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Bison Gear and Engineering: A National Leader in Innovation and Workforce Development


Right Angle Gearmotors

Railroad gates, combine harvesters, surgical pumps, mobility scooters, beverage dispensers, coffee roasters, routing equipment, and assembly lines all have at least one thing in common: They customarily rely on gearmotor technology to power their operation.

One of the world’s most innovative designers and manufacturers of gearmotor technology is Bison Gear and Engineering, which is based in St. Charles, Illinois, about 40 miles west of Chicago. Bison, which was founded in 1950, serves customers across North America and around the world.

The company has about 260 employees, roughly one-third of which are engineers. Casual observers might be surprised to learn that more than half of the gearmotor products it ships are custom-designed. Bison uses a “design blitz” process that features unusually fast turnaround of proposals, efficient scheduling of all processes including engineering, and an engaged staff that focuses intently on customers’ unique applications and needs. This custom prototying and design blitz process is so effective that it was recognized by the Association for Manufacturing Excellence in late 2013.

Bison began adopting lean manufacturing in 2000, and quickly benefited from that commitment. Productivity increased. Time lost to accidents decreased. Today, all of Bison runs on lean principles – from product development to the assembly line. This allows the firm to develop solutions quickly, provide products to customers at highly competitive prices, and continually refine and improve their internal processes.

The late Ron Bullock, the company's longtime CEO, was an evangelist for careers in manufacturing, and the need to equip current and future workers with the advanced skills needed in the manufacturing industry. He advanced that message through his work in several leadership capacities for the NAM, its workforce development arm (The Manufacturing Institute), and the Illinois Manufacturers Association. Moreover, he also pioneered the Manufacturers Education Initiative, a comprehensive approach to preparing students and adults for careers in advanced manufacturing that is now widely used in Illinois.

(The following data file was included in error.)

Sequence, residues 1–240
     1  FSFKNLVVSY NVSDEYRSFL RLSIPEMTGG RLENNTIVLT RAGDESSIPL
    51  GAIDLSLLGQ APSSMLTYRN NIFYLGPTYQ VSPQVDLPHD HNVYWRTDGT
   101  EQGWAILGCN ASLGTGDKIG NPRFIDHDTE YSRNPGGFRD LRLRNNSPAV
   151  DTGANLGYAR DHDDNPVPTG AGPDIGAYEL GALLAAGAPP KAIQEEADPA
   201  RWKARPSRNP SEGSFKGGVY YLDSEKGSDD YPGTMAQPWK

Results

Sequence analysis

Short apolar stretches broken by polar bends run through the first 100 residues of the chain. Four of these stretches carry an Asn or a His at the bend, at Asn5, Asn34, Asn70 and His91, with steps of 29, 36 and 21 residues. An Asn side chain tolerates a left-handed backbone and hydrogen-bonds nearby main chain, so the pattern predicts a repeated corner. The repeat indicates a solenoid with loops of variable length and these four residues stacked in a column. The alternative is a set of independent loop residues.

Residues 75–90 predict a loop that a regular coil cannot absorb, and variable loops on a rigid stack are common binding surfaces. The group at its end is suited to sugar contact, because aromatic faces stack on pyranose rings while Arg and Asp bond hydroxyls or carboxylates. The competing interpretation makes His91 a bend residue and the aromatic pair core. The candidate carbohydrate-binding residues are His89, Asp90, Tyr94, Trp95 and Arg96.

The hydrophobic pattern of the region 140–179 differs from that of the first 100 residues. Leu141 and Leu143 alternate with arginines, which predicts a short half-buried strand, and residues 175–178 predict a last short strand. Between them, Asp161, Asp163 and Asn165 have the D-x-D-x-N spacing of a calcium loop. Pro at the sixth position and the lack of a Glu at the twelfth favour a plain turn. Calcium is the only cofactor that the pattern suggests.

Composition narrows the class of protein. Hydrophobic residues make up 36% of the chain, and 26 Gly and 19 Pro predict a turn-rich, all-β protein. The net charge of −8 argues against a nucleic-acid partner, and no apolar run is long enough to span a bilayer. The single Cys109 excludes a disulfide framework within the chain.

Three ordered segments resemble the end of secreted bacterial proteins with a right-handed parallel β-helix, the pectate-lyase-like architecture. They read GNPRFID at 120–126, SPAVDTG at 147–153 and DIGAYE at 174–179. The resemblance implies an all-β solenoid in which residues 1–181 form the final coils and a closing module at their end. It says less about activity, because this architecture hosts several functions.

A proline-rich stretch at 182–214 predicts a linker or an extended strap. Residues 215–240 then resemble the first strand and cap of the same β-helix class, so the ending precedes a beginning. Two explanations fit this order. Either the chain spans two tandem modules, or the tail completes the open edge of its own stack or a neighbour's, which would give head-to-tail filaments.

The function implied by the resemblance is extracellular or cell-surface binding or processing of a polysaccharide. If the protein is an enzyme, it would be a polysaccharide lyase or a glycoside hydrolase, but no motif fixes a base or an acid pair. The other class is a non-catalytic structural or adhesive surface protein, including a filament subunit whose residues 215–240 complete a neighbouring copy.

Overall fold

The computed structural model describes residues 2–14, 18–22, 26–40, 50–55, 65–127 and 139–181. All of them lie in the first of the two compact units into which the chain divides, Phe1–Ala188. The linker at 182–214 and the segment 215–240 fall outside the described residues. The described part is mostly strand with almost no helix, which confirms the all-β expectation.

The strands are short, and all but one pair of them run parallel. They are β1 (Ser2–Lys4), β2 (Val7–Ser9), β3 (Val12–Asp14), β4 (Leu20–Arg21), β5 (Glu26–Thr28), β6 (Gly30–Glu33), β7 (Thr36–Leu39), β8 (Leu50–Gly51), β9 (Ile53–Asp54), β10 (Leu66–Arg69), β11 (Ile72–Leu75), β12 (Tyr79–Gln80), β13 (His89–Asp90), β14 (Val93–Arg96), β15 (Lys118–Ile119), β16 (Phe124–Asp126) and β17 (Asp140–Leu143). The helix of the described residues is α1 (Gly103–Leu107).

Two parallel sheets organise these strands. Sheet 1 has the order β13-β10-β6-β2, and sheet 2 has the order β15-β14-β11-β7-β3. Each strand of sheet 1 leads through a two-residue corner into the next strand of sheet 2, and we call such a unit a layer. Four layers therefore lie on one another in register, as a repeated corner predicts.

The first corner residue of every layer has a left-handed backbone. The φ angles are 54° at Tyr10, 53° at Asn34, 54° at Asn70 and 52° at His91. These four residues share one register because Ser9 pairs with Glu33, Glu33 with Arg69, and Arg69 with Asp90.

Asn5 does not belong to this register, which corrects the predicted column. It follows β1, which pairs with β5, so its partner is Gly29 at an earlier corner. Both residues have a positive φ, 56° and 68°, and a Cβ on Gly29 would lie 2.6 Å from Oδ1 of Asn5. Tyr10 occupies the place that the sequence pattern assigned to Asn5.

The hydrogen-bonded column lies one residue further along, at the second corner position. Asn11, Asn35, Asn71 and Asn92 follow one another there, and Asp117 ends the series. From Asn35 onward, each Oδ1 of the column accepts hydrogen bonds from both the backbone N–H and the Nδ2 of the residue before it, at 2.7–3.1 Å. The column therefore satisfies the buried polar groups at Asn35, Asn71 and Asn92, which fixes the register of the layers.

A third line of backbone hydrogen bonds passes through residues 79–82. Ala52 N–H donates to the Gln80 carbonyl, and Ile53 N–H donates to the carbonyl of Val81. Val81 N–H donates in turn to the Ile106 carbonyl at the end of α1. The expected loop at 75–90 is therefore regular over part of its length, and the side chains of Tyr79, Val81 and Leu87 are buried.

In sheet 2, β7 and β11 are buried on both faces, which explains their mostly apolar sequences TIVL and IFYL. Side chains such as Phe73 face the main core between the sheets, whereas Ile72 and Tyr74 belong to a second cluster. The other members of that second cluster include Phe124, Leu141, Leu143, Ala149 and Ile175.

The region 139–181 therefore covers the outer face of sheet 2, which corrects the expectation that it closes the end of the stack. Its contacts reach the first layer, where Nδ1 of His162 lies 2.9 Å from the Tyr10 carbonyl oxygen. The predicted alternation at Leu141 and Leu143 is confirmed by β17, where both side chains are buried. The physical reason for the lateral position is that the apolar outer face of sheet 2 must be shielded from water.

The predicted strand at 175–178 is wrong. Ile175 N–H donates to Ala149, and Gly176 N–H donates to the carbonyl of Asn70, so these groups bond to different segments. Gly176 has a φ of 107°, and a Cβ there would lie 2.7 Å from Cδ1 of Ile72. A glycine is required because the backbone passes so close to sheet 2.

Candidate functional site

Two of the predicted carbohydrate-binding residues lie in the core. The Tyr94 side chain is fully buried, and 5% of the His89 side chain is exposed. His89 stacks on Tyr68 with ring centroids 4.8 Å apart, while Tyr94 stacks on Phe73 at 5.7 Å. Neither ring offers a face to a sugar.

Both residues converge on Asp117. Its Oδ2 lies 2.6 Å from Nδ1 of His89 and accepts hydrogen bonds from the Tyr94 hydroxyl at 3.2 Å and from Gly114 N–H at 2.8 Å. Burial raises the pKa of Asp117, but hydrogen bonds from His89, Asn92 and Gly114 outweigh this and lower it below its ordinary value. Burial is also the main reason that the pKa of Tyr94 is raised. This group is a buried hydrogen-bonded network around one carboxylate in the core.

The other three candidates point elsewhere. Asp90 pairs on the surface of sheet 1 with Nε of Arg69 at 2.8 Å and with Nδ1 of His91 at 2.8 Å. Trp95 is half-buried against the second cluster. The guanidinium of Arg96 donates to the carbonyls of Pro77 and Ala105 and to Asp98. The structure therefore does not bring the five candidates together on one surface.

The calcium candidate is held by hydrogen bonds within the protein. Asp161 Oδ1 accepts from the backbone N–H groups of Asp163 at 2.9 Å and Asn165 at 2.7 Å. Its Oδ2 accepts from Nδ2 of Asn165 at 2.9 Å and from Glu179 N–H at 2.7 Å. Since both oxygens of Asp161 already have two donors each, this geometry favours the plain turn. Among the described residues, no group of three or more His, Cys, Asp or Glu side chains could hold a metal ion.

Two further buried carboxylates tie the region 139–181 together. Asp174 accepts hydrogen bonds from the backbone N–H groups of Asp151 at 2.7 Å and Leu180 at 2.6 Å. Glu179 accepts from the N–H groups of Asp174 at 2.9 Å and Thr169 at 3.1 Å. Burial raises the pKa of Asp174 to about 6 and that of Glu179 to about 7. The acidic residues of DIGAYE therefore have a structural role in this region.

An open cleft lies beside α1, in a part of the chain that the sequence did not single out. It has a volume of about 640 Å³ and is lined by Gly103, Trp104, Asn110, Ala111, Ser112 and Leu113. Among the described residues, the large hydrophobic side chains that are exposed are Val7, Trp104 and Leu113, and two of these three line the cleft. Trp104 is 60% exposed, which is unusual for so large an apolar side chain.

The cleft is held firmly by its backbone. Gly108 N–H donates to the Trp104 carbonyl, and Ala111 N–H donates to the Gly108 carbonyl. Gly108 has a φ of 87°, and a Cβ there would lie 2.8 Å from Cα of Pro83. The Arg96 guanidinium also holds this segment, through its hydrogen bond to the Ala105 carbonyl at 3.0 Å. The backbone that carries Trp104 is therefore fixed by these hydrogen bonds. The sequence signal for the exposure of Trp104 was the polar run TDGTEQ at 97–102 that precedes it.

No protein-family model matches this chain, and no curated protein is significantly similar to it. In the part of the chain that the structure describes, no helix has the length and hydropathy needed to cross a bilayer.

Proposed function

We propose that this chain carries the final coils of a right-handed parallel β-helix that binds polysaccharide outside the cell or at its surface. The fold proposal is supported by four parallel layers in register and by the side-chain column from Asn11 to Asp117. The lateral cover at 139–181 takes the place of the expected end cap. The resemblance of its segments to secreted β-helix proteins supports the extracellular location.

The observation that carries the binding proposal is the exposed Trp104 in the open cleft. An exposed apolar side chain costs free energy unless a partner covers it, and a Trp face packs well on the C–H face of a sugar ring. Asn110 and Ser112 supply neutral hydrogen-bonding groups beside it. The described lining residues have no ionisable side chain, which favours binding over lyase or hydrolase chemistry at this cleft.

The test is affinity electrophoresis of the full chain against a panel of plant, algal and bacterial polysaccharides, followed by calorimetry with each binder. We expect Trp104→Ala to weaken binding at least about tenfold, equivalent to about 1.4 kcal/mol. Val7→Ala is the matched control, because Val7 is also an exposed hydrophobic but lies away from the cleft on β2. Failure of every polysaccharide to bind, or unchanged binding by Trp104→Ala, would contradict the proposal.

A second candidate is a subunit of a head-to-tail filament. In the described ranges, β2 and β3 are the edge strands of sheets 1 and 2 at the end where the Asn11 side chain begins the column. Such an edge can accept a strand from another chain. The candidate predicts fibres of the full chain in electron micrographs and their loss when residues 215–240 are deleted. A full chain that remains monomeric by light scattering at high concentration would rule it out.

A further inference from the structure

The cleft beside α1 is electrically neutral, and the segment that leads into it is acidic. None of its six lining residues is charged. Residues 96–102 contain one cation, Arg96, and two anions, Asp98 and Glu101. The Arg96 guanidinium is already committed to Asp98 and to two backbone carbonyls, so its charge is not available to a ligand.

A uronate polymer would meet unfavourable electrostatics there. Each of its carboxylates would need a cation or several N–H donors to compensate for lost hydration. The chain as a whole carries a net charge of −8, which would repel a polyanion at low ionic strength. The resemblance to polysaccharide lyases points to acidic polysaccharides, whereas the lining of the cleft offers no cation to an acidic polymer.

It is particularly instructive to see how Bison Gear, itself, has approached workforce development. It starts with the recognition that its employees are the heart of the company. Bison employs a Chief Learning Officer to oversee the development of the company’s workforce. Job applicants are evaluated through an on-site skills assessment called ACT WorkKeys. Applicants must achieve level four scores in all categories before being considered for open positions.

Bison also encourages production employees to continually enhance their skills through the Manufacturing Skills Standards Council’s training-and-testing program. Bison pays for employees to take the self-directed, online learning courses, which cover safety, quality, maintenance, and processes/production. Each module typically requires 15 to 18 hours of self-study. Employees receive cash awards and internal recognition for completing modules and for becoming certified. The company also offers a program called GEAR (Growth Education and Results) that financially supports employees who seek college degrees related to their jobs or career path at Bison.

This emphasis on skills standards and continuous learning is coupled with an onsite fitness center and wellness program that helps employees pursue a healthy work-life balance.

Bison works closely with educators and skills standard board colleagues to ensure that course offerings and workforce programs are as closely aligned as possible to the workforce needs of the manufacturing community.

In the meantime, Bison continues to develop and produce innovative, high-quality products that meet their customers’ rapidly evolving needs. It is a formula for enduring success and a Great Manufacturing Story.